Gone are the days when farmers of Pingori village near Pune in Maharashtra, after 6 to 8 months of farming, depended solely on the yield of jowar and bajra (pearl millet) to make an income of less than ₹1,300 a month. Left with no choice they had to migrate to the city to do menial jobs to support their family. “I feel miserable when I see other farmers abandoning their farms,” says Ganesh, one of the 44 farmers in the village. He owns 1.5 acres of farmland in Pingori. Within a few months of Rotary’s (RC Pune Hillside, D 3131) intervention his income has increased to ₹7,000. “This is sufficient to live comfortably in my village,” he says. What makes him happy is that he can grow more than four varieties of crops in the land compared to only millets because of failing monsoons and water scarcity.
The younger people have moved to big cities like Pune and Mumbai and “we were just a bunch of old people who chose to stay back in our village when Rtn Borate Madam and Rtn Baba Shinde of RC Pune Hillside came to visit us,” says Ganesh. Initially sceptical about investing their time and money to recuperate dried wells and set up storage ponds, he says, “We saw how serious they were in their pursuit to make our village better. Rotarians visited, engineers came and Baba Shinde even got the government to support us. So, we decided to invest our money and energy in this scheme.”
Rtn Meena Borate, a doctor by profession, who has managed to finance 16 water and sanitation projects in District 3131 says, “The attitude of the sarpanch of a few villages I have visited was shocking. ‘How will it benefit me?’ they would openly say. This is because they suspect that Rotarians do projects to get money from their village.” But in Pingori, “although they were hesitant the villagers came forward and made it possible for us to help them.”
Baba Shinde had noted that two of the percolation tanks had become shallow, with accumulated mud, and a canal that meandered through the village was choked with sticks and fine mud plugging the percolation channels. He worked with government officials to allocate more funds for cleaning the tanks which were deepened and desilted. While one percolation tank was desilted with the help of
Dagdusheth Halwai Ganpati Trust, an NGO based in Pune, the villagers themselves cleaned the barren land and laid boulders to create a makeshift bund for the tank to hold water “in the hope that it would rain,” says Ganesh.
Meena, with the help of a global grant in association with RC Muscatine,
US, six Rotary clubs from D 3131 and TRF raised ₹60 lakh. Two storage ponds lined with special polymer paper and compound walls for security were created. The capacity of the big storage pond is 37.5 million litres while the smaller one can store 35 million litres. Continuous contour trenches were dug in different parts of the land to enhance water percolation. Pumps were installed, pipes were laid and drip irrigation lines were supplied to the farmlands. Commenting on the water conserved, Ganesh says that this method of watering plants slowly over an extended period of time cuts down water usage by about 60 percent. Water is directed only to the plant area so there’s also less weed growth.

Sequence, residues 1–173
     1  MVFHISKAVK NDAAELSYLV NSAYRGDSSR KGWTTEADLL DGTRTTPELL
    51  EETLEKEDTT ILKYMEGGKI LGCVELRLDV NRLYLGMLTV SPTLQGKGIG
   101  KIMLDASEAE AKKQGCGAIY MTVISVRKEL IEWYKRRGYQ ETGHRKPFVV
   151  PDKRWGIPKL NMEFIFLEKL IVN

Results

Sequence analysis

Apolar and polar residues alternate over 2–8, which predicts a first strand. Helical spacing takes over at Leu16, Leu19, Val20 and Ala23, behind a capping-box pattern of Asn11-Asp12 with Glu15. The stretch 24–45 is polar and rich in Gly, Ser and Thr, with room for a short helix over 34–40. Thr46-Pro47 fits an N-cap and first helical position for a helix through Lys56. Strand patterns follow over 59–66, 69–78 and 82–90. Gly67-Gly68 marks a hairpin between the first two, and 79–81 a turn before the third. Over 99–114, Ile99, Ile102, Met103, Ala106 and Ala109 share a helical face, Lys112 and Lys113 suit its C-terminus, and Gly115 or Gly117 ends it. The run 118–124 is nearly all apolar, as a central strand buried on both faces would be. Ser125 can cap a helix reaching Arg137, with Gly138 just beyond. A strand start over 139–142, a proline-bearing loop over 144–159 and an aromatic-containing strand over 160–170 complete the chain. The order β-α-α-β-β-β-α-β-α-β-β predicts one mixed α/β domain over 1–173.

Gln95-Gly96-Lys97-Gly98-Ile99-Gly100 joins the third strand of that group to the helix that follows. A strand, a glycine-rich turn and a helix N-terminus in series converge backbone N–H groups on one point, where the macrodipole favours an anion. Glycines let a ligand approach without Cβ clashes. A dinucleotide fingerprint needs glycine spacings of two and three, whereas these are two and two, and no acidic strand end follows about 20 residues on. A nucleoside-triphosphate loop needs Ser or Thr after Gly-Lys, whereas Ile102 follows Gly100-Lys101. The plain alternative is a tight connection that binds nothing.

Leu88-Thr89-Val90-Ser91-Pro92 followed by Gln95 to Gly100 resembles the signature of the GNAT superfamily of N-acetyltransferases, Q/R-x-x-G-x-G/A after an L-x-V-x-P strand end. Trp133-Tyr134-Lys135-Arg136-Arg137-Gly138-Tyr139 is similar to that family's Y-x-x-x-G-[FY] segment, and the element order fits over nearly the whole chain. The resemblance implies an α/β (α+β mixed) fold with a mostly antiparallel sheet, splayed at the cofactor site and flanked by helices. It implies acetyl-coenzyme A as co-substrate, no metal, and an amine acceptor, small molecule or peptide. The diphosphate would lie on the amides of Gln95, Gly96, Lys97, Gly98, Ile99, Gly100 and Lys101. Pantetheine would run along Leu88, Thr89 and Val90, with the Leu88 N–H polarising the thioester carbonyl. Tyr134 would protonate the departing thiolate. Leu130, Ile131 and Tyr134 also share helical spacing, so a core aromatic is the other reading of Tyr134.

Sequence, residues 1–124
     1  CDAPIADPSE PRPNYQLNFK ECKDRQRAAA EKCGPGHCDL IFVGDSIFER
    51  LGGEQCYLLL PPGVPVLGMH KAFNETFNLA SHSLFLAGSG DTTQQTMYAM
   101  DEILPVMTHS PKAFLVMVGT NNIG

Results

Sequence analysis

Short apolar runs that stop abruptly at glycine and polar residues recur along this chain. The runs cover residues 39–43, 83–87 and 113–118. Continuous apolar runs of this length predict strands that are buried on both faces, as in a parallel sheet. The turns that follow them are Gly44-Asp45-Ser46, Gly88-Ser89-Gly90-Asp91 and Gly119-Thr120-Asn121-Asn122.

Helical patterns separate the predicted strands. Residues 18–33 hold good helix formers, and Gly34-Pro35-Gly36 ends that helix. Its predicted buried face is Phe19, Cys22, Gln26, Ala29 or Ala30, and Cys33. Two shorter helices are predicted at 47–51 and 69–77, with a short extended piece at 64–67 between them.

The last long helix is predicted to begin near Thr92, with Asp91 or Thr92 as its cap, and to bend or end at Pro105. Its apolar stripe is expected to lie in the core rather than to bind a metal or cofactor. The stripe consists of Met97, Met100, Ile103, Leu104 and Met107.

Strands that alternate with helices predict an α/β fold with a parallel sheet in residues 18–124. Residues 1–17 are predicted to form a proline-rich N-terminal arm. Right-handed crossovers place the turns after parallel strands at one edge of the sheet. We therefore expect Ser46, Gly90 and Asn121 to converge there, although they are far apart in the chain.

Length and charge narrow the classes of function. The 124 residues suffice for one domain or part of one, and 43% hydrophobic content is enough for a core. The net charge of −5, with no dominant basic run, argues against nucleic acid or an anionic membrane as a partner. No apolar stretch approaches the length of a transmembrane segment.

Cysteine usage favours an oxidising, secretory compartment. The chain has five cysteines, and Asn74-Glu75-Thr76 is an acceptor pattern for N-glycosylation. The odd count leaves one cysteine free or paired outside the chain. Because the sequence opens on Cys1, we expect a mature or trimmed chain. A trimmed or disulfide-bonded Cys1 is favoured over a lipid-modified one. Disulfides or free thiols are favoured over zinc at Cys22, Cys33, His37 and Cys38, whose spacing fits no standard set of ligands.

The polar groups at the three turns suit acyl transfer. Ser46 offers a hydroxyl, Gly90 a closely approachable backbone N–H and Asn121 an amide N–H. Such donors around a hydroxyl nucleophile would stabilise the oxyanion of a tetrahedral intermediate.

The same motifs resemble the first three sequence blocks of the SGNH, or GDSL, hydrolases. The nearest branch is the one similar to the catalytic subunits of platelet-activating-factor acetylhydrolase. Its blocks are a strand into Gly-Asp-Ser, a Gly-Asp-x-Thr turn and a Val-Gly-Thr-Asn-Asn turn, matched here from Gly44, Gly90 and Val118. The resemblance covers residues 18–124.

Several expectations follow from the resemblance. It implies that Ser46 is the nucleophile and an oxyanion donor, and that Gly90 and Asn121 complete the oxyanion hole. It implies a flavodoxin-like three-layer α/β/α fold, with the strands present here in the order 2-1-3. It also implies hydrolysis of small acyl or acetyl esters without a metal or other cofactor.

Innovation in farming
In such cases, Israel is always the reference point. “Despite Israel’s terrain which is not naturally conductive to agriculture, they are the largest exporters of fresh produce in the world. We wondered how that was possible and realised we could do the same with the adoption of the right farming technology,” he adds. With help from Baba Shinde, the farmers learnt soil nutrient management, use of thermal nets, branching and wiring of plants, crop patterns and rotation.
“Once a barren land, now it reaps fruits from 3,500 custard apple trees,” says Shinde. The water supply isn’t divided among the fields by way of pumps. “Instead, the drip irrigation line runs directly from the ponds to the respective farms. This way the water source for agriculture and drinking remain separate,” he adds. Each farmer grows a different crop in his farm such as ladies finger or cluster beans. This results in the production of 22 to 24 varieties of vegetables per yield.
Organic farm produce
Although the vegetables and pulses produced were organic, the farmers were receiving a minimal price. “The middlemen would pay us ₹2 per kg for a vegetable that they would eventually sell at ₹40 per kg and our income remained unchanged,” says the farmer. Things turned around when the farmers decided to invite residents of a large housing society in Pune to spend a day at their farms. After their visit to the farm, “we were asked to create a WhatsApp group and update the residents about the vegetables we have and they started ordering through WhatsApp.”
Slowly word of mouth spread and the farmers started delivering in bulk, and instead of ₹2 per kg, the farmers got the full price for the vegetables.” They shared the diesel cost for the transportation of their produce. After the second harvest was complete, the farmers benefitted economically and decided to invest in livestock and each family in the village takes turns to take care of the livestock. When high-yielding tomatoes were harvested, the women in the village undertook a training to make ketchup. The women no longer have to trek upto 6 km to the highway to collect water from water tankers, because they now have sufficient drinking water. The village school now has its own water tank and children have access to clean toilets and potable drinking water. Water conservation has got the village accolades and the Chief Minister paid it a visit.
But their biggest cause for celebration is that “our youth are coming back home because they now have a good income here. All this would have never happened without Rotary,” says Ganesh.